dark interior filled with many demon figures doing various things; large figure on R leans back and observes; colors are browns, pale green, pale blue, red

Shōki and Demons, late 19th century

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A grotto-like space is filled with demons playing musical instruments, arm wrestling, quarrelling, and even, it would seem, preaching. Contemptuously surveying the scene is Shōki, the Queller of Demons. A deity from China’s Daoist pantheon, Shōki became a popular figure associated with Boys’ Day celebrations during Japan’s Edo period. Rather than slaying the demons, as dictated by legend, the artist has cast Shōki as an overlord among his minions. Toshio was a curious character at the center of various stories, some spurious or at least embellished. Born in Yokohama, he travelled to the United States under the auspices of a trading company. There he worked as a travelling artisan, a newspaper cartoonist, an actor, and host of elaborate theme parties. He was also known for his painting. The detailed composition, color, and depth through shading and perspective suggest a familiarity with late Kanō painting, though the theme brings to mind Eugene Delacroix’s painting Death of Sardanapalus (1827).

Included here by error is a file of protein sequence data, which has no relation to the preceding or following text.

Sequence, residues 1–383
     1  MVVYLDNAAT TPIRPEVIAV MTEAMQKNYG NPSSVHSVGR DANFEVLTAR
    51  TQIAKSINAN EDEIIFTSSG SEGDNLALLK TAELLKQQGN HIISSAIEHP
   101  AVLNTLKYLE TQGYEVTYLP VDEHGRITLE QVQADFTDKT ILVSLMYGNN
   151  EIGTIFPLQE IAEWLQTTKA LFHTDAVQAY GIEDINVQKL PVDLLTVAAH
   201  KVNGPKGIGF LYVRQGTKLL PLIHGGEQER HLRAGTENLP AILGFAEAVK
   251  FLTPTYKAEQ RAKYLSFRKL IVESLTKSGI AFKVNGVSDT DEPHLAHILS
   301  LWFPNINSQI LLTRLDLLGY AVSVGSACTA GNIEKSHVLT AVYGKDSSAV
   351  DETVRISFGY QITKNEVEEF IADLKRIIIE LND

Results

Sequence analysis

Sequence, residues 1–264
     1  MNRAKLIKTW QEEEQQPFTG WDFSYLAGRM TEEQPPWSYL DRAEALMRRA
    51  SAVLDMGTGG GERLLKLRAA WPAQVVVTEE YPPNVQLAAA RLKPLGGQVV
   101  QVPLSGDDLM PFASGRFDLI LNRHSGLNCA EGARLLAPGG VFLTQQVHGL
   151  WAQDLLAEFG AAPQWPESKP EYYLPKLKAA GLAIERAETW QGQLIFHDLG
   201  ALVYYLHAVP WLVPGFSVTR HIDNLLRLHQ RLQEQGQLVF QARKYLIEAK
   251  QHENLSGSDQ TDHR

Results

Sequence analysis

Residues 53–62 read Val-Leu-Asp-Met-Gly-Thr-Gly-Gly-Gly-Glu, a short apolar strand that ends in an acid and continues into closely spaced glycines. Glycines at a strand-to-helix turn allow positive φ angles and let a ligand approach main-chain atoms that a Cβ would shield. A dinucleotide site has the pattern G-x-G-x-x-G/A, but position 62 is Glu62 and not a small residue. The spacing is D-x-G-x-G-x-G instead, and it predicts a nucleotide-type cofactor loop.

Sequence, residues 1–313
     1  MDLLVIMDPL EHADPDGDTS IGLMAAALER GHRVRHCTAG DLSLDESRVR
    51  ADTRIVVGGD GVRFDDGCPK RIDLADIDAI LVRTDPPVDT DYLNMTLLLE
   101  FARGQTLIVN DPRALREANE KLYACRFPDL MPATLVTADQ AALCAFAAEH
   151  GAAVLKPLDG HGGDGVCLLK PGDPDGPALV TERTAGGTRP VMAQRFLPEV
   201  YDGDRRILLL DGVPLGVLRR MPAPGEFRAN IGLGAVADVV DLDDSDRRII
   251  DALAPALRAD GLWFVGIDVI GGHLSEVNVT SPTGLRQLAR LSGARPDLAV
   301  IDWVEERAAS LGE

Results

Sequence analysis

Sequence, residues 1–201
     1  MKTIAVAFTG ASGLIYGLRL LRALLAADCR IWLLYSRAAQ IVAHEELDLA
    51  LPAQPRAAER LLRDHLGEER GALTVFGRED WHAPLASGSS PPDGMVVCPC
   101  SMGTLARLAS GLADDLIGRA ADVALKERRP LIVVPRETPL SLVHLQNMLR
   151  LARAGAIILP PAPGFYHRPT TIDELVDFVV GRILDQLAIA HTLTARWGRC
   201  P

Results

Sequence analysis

Details
Title
Shōki and Demons
Artist Life
1854 - 1912
Role
Artist
Accession Number
2013.30.30
Curator Approved

This record has been reviewed by our curatorial staff but may be incomplete. These records are frequently revised and enhanced. If you notice a mistake or have additional information about this object, please email collectionsdata@artsmia.org.

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dark interior filled with many demon figures doing various things; large figure on R leans back and observes; colors are browns, pale green, pale blue, red